This is eMachines Support, and the specifications page for the eMachines C6535 desktop computer,http://www.emachines.com/support/product_support.html?cat=Desktops&subcat=C%20Series&model=C6535
Scroll down the list until you come to the Video heading.
You'll see - PCI Express (PCI-E x16) slot available
This means you have a PCI Express x16 graphics slot on the motherboard, and it is open, and available.
You can use a PCI Express graphics card.
Two things I would like to note.
1) You need to check the System Requirements of the PCI Express graphics card you're going to buy, and see if your System Resources are able to support it.
The main thing you need to look for here, is what power is required for the graphics card.
Does your Power Supply have the necessary Wattage?
Not only does your Power Supply have to be able to deliver the necessary power for the computer system resources (Processor, Ram Memory, etc), it also has to be able to deliver enough power for THAT graphics card.
Since eMachines Support doesn't list the power of the Power Supply, I searched online for a Power Supply replacement for the C6535.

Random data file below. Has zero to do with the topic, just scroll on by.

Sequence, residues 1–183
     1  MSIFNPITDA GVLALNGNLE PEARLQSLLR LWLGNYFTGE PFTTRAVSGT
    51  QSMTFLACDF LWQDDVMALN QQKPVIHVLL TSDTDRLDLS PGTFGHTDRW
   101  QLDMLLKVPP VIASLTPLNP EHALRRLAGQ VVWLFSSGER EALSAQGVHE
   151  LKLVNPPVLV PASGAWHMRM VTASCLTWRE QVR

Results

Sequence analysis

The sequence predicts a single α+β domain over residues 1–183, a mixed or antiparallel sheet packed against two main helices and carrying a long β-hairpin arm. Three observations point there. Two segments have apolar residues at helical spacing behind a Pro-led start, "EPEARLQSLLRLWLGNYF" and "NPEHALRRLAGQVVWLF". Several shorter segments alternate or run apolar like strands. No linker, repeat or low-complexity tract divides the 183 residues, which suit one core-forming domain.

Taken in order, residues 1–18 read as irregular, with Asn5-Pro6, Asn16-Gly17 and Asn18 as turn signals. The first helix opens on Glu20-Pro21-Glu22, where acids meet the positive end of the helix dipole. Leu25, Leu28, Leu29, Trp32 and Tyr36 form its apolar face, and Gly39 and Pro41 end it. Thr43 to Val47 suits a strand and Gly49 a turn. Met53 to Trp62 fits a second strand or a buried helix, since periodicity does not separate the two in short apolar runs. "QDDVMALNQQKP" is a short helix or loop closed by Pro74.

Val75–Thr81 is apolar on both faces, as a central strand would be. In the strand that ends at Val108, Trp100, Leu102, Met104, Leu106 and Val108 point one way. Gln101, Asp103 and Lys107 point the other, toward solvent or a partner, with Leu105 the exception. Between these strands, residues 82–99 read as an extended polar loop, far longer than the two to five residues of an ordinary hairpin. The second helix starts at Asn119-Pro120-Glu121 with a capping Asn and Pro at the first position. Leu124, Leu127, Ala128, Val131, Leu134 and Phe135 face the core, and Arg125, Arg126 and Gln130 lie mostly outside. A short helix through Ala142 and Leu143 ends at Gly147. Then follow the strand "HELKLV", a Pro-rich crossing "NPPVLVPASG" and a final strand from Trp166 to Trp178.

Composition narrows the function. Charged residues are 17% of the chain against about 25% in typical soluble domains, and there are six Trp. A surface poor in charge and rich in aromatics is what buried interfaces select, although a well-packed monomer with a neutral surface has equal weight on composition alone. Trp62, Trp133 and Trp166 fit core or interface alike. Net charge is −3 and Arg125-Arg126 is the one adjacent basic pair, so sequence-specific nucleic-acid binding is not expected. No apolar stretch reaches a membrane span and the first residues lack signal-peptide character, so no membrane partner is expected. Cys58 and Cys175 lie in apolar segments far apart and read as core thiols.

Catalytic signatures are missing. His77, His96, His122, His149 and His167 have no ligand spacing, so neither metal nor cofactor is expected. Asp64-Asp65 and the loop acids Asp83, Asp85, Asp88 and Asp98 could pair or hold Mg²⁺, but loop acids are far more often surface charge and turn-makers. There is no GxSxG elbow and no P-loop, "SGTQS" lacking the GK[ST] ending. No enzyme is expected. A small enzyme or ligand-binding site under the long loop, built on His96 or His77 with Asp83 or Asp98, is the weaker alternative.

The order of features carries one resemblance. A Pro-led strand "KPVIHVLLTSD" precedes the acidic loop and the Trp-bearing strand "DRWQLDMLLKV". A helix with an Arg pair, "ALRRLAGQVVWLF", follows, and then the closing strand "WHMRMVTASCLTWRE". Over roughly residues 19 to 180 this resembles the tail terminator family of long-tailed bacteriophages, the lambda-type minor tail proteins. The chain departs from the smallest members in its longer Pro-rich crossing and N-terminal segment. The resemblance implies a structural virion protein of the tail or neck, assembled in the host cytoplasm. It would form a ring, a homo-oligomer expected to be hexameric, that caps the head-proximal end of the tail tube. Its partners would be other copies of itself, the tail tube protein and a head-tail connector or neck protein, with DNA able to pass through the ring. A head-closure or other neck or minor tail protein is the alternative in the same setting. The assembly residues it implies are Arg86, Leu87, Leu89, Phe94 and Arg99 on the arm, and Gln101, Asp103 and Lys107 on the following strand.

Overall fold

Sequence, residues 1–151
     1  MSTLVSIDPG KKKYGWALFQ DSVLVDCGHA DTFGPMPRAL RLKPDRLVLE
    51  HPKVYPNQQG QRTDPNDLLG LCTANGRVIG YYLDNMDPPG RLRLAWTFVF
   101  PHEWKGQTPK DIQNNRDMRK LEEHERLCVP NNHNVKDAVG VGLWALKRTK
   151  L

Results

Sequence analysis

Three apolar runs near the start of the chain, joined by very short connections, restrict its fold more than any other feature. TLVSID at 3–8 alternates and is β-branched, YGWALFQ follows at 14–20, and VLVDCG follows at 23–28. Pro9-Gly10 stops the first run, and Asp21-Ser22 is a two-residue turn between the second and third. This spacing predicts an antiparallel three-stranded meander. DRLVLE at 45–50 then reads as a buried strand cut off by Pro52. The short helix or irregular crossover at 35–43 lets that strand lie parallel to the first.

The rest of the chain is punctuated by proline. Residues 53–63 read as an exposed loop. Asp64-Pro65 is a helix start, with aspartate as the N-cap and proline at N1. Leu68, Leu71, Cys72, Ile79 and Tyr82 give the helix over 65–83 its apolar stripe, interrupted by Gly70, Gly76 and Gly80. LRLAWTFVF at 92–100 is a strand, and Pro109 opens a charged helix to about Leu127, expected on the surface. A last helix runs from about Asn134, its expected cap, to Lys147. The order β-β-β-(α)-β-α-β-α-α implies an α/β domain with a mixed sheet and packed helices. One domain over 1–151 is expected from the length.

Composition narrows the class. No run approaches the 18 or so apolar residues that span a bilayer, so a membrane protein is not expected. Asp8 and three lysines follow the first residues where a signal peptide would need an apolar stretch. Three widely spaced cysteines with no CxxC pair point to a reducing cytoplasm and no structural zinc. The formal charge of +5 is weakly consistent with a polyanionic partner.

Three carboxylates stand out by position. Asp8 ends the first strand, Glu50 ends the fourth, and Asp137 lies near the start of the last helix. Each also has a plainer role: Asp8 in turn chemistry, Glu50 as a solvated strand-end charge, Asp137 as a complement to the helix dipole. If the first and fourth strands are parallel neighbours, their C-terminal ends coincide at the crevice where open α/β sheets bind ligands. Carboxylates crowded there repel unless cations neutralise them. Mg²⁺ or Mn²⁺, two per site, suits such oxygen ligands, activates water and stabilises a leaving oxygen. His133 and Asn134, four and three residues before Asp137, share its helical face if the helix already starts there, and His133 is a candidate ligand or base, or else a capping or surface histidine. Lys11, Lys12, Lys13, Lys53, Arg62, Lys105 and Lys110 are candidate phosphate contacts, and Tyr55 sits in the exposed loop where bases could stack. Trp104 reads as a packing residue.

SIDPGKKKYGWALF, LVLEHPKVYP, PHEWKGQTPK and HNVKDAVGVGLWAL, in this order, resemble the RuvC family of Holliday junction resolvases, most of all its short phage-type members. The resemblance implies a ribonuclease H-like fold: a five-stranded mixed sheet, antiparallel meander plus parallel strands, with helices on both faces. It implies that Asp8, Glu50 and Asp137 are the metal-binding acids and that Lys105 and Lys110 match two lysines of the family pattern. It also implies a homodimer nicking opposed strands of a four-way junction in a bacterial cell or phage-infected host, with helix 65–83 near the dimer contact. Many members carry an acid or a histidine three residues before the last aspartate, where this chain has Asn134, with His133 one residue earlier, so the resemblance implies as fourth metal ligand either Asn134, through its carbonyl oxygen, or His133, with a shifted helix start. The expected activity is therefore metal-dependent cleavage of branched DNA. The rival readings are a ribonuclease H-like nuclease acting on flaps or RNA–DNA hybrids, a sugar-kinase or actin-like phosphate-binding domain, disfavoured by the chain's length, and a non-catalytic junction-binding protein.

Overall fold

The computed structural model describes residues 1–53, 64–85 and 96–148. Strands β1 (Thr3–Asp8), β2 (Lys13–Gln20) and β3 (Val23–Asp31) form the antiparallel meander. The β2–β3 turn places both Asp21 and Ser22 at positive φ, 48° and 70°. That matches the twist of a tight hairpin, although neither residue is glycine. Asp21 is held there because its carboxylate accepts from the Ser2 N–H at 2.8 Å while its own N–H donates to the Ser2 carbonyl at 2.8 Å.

Seems the C6535 comes with a 300 Watt power supply.
Problem is, back in the day the C6535 was made, power supply manufacturers were 'Fudging' the true maximum Wattage, that their power supply's were truly able to deliver.
A more realistic figure, is 70 percent of the maximum rated Wattage stated.
This would be 210 Watts.
Therefore, you're going to need a better power supply, to support any of the really decent PCI Express graphics cards out there.
2) PCI Express came out in 2004.
PCI Express is a technology.
The PCI Express technology has gone through three major changes, or upgrades, since it came out.
A) PCI Express 1.0 version
B) PCI Express 1.1 version
C) PCI Express 2.0 version
PCI Express graphics cards now, are made in the PCI Express 2.0 version.
You can use a PCI Express 2.0 graphics card in a computer with PCI Express 1.1 technology.
PCI Express 2.0 is Backward Compatible with the PCI Express 1.1 technology.
Your computer uses the PCI Express 1.1 technology.
If you use a PCI Express 2.0 graphics card in a computer with PCI Express 1.1 technology, you won't get the full capability of the PCI Express 2.0 graphics card.
Will you notice?
We haven't begun to fully use all the bandwidth of the PCI Express 1.1 technology yet, much less PCI Express 2.0
(PCI Express 3.0 technology is just around the corner, and getting ready to be used on newer graphic cards. Marketing strategy)
Have any further questions concerning this, please post in a Comment.
Information on PCI Express,http://en.wikipedia.org/wiki/PCI_Express